Through the reference of the literature, we understand the pathogenic distribution of the current acute respiratory infectious diseases and the laboratory diagnosis plan, which can provide a better reference for the clinic. ARI is the most common infectious disease in human beings. Most pathogenic microorganisms (such as viruses, bacteria, fungi, parasites, etc.) can cause ARI, among which viruses are the main pathogen, and the clinical symptoms can range from no obvious symptoms to serious diseases. Since most of the symptoms after infection with non-bacterial pathogens are similar, it is difficult for doctors to make an accurate diagnosis based on the patient’s symptoms, let alone identify the type of pathogen.

Traditional methods for identifying respiratory pathogens include sputum Gram staining, respiratory secretion culture and blood serological examination [26]. Although these traditional methods can identify respiratory pathogens to some extent, their disadvantages cannot be ignored, such as time-consuming, labor-intensive and poor sensitivity. In order to detect quickly and identify respiratory pathogens, the technologies represented by molecular detection methods such as nucleic acid PCR are emerging, which have high sensitivity and specificity, and can be used to analyze clinical samples such as blood, sputum and urine, and improve the diagnostic ability of patients with respiratory disease [27] [28]. The application of multiplex RT-PCR technology can detect many pathogens at one time in the experiment, which greatly shortens the detection time and is more reliable and convenient than virus culture. Several studies have reported successful detection of respiratory pathogens by multiplex RT-PCR [29] [30]. At the same time, the emerging gene sequencing technology is producing more accurate and rapid results for identifying these pathogens. Viruses have become the most common pathogenic non-bacterial pathogen in ARI patients, because they have similar clinical manifestations and may appear in various forms of infection, which further complicates ARI and increases the incidence. Conventional detection methods are laborious and time-consuming, while multiplex RT-PCR combined with capillary electrophoresis analysis is fast, labor-saving and high-throughput, which is very important for enhancing the detection and identification of respiratory pathogens in ARI clinics. Acute respiratory infectious diseases are the most common diseases in clinic, which seriously endanger people’s health. It is necessary to see a doctor in time so as to get diagnosis and treatment as soon as possible.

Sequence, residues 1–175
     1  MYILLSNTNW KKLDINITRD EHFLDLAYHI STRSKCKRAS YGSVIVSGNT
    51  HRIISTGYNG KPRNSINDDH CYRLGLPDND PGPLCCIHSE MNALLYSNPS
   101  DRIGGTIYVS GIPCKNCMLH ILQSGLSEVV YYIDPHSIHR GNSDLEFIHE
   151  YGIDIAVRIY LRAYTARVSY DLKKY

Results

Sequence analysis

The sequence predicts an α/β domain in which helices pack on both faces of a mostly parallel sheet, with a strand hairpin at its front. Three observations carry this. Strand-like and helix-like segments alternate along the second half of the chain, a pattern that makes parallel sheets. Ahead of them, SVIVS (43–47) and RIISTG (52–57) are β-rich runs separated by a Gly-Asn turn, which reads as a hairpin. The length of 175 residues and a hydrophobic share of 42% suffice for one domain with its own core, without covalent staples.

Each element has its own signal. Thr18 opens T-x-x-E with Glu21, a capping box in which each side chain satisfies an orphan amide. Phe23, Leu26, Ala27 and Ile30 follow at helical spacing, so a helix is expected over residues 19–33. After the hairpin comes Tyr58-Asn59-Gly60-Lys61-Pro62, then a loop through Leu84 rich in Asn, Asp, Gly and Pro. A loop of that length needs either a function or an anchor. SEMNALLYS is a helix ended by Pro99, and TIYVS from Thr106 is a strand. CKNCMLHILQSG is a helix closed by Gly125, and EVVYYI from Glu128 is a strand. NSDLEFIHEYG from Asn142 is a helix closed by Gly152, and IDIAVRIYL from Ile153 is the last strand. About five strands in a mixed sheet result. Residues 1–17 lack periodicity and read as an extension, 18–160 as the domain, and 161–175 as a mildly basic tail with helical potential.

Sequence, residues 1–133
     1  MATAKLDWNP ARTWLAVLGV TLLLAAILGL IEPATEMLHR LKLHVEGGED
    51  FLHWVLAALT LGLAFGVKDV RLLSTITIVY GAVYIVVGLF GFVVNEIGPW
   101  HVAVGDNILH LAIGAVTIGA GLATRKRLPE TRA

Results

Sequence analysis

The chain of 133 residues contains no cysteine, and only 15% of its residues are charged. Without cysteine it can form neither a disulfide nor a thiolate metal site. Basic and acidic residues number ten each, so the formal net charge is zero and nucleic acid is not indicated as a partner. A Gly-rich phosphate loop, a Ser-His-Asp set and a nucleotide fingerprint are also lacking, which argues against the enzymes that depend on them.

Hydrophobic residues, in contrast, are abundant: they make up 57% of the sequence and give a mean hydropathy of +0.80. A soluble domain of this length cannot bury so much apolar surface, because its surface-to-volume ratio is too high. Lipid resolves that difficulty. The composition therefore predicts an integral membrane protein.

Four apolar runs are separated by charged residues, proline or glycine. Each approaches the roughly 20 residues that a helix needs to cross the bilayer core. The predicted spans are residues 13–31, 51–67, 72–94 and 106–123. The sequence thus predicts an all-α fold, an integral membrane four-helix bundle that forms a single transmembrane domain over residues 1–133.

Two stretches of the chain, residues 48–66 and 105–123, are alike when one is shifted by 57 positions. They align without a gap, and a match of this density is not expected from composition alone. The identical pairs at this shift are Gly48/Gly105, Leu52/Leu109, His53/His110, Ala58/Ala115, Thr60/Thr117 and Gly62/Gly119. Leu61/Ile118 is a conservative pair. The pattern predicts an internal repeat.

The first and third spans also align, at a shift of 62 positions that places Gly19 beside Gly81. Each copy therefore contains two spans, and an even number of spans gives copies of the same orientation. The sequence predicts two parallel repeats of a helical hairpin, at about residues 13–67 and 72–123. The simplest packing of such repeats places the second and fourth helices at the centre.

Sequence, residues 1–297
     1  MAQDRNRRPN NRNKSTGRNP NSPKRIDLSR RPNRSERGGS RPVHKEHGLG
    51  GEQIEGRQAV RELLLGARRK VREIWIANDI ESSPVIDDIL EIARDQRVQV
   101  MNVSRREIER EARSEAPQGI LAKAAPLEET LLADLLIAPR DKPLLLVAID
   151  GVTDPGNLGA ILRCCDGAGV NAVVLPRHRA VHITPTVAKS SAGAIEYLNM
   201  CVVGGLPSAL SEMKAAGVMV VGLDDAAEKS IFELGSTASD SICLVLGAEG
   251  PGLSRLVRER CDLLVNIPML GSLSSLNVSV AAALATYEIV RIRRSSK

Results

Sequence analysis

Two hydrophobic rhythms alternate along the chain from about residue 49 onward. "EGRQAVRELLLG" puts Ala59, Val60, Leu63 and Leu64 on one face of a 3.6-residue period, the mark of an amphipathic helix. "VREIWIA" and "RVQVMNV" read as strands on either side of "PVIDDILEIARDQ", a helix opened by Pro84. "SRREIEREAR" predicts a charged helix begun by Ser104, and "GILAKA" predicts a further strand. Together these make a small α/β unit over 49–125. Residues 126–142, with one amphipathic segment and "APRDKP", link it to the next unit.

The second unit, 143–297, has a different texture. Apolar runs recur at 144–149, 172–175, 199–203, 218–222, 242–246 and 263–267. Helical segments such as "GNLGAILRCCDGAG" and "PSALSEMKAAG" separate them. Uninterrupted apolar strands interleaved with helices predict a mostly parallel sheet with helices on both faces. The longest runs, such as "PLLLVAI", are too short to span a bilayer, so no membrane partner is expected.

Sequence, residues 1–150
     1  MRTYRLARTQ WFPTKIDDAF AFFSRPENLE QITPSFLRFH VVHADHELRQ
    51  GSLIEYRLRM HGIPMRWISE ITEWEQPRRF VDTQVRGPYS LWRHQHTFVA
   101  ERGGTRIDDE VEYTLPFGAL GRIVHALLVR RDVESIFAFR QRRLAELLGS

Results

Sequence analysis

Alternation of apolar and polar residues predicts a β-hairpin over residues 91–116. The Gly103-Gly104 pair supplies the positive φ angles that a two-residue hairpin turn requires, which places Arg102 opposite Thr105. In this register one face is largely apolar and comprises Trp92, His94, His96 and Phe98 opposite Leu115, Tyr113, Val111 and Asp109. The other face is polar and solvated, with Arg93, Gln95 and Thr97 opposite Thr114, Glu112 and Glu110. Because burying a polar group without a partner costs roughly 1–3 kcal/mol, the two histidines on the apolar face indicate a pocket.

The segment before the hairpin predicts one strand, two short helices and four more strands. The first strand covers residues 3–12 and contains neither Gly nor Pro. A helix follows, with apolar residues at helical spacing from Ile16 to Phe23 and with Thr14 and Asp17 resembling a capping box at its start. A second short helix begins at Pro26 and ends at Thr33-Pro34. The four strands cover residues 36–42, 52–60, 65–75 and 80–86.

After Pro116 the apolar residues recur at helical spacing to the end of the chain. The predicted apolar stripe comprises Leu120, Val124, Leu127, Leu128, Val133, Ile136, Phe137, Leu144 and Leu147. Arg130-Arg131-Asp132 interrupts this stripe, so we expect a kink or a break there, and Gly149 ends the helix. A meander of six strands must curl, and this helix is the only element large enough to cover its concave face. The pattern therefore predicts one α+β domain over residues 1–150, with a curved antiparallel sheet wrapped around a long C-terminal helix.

During the process of this topic research, we got much help from many departments and individuals, and other personnel not involved in this project research. All of them offered great support and help in this research. Now here, all of members in this research show our deepest appreciation to them, and wish them good health and everything goes well.


Guigang scientific research and technology development project (NO.: Guigang science and technology 1803028).


*Corresponding author.

Conflicts of Interest

The authors declare no conflicts of interest regarding the publication of this paper.